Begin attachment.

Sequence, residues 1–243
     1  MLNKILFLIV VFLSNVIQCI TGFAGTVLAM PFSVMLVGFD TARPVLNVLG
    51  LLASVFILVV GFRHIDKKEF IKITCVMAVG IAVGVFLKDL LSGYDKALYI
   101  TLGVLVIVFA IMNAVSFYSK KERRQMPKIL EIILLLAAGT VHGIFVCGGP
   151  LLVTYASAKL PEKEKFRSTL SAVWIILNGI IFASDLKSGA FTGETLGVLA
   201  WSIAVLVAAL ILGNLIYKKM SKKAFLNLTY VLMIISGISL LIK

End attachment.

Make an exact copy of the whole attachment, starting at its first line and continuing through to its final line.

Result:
Sequence, residues 1–243
     1  MLNKILFLIV VFLSNVIQCI TGFAGTVLAM PFSVMLVGFD TARPVLNVLG
    51  LLASVFILVV GFRHIDKKEF IKITCVMAVG IAVGVFLKDL LSGYDKALYI
   101  TLGVLVIVFA IMNAVSFYSK KERRQMPKIL EIILLLAAGT VHGIFVCGGP
   151  LLVTYASAKL PEKEKFRSTL SAVWIILNGI IFASDLKSGA FTGETLGVLA
   201  WSIAVLVAAL ILGNLIYKKM SKKAFLNLTY VLMIISGISL LIK